Education Under Fire event


Date and Time

April 6, 2012 7:00 PM - 9:00 PM


Open to the public.

No RSVP required



FSI Contact

Please join the Stanford Baha'i Club, in collaboration with the Center on Democracy, Development, and the Rule of Law; the Center on Philanthrophy and Civil Society, Stanford Amnesty International, Stanford Six Degrees in defending Article 26 of the UN's Universal Declaration of Human Rights on

Friday, April 6 from 7:00-9:00pm

We will be screening Education Under Fire, a moving documentary about this issue. Following the screening, we will be having a panel discussion.

Imagine you are sitting in class at Stanford University when armed guards come into the classroom and arrest everyone in your class. Your professor is sentenced to five years in prison; you are expelled not only from Stanford, but from any institution of higher education in the country. Your crime? Gaining a higher education. Your professor’s crime? Providing higher education. Fortunately, this is not happening today at Stanford, but it is happening right now to many young people in Iran.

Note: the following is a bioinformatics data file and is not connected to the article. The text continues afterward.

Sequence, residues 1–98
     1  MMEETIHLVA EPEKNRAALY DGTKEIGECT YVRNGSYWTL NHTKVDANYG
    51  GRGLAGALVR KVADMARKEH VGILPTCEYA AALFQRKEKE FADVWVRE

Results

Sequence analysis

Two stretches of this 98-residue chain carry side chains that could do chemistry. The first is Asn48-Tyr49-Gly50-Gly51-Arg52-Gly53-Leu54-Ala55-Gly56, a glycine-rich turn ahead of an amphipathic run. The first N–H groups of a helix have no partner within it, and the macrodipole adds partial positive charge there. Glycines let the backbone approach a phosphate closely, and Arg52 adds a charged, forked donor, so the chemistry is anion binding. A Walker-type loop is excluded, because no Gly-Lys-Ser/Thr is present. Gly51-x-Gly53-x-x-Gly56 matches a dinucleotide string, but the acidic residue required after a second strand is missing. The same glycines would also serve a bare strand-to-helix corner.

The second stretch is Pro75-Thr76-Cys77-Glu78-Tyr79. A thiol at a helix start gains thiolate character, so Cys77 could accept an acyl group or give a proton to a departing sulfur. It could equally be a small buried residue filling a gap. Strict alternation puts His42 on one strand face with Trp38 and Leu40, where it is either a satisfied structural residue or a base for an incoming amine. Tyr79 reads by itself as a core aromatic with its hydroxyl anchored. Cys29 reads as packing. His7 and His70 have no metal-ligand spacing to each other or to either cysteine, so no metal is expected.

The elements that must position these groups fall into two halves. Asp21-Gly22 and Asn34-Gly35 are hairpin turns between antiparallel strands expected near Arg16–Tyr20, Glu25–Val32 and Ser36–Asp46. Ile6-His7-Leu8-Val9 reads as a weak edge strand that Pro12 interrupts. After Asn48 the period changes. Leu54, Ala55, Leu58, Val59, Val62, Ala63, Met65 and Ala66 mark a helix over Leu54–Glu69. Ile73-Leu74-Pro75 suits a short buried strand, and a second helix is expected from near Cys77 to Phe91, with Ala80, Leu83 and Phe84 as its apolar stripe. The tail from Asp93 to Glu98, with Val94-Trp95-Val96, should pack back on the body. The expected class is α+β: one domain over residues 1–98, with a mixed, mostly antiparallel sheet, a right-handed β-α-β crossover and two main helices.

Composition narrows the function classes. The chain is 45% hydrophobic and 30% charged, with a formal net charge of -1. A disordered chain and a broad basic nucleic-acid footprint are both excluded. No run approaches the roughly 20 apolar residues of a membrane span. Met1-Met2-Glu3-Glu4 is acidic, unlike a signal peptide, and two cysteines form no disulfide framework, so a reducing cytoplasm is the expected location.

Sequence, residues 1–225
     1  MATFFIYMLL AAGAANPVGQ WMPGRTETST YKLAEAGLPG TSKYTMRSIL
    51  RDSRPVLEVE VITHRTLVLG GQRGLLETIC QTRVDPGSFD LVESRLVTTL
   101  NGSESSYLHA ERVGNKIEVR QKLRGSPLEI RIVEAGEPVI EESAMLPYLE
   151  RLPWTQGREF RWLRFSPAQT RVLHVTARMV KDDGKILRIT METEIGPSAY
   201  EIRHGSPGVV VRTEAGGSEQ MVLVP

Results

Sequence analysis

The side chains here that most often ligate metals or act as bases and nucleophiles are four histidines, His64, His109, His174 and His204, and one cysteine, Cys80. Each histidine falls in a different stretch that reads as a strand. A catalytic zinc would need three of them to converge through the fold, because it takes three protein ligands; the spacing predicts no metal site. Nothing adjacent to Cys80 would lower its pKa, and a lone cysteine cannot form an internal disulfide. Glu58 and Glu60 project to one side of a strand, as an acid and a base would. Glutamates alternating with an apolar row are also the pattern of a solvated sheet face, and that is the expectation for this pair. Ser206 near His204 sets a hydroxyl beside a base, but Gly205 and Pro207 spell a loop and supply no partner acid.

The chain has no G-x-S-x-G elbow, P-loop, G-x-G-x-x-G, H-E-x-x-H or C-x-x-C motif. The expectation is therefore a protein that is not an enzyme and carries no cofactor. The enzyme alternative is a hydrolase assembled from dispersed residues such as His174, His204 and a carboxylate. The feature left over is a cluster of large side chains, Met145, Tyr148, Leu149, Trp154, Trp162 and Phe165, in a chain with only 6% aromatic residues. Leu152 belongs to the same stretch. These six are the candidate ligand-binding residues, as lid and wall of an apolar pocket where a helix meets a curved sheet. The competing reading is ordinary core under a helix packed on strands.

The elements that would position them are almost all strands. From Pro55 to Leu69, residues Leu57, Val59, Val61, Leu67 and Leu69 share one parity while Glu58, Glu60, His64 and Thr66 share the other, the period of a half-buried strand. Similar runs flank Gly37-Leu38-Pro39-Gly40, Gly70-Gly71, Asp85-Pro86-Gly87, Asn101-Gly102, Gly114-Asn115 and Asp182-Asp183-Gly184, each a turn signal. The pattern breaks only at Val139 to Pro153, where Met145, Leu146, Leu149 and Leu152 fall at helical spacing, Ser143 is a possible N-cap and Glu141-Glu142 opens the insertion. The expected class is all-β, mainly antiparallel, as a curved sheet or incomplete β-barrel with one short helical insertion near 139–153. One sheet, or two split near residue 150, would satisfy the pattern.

Since its inception, the Baha’i community of Iran has been suffering different forms of human rights violations, from intense persecution to being denied employment, the ability to bury their dead, access to higher education. Their crime? Being a Baha’i. The Bahá'í Institute for Higher Education (BIHE) was founded in 1987 in response to the Iranian government's continuing campaign to deny Iranian Bahá'ís access to higher education. The need to create a new university for those who were denied access to higher education captivated the talents and minds of exceptional faculty and staff from within Iran and abroad. For twenty years they have dedicated their efforts to building an exemplary institution and cultivating a student body prepared for fulfilling careers, future study, and social responsibility. But this has come with constant struggles and limited resources. In May 2011, the government launched a coordinated attack against the BIHE–raiding dozens of homes, confiscating computers and materials and detaining eighteen professors and administrators. Seven of those arrested received four or five-year prison terms. Their only crime: educating the youth in their community.

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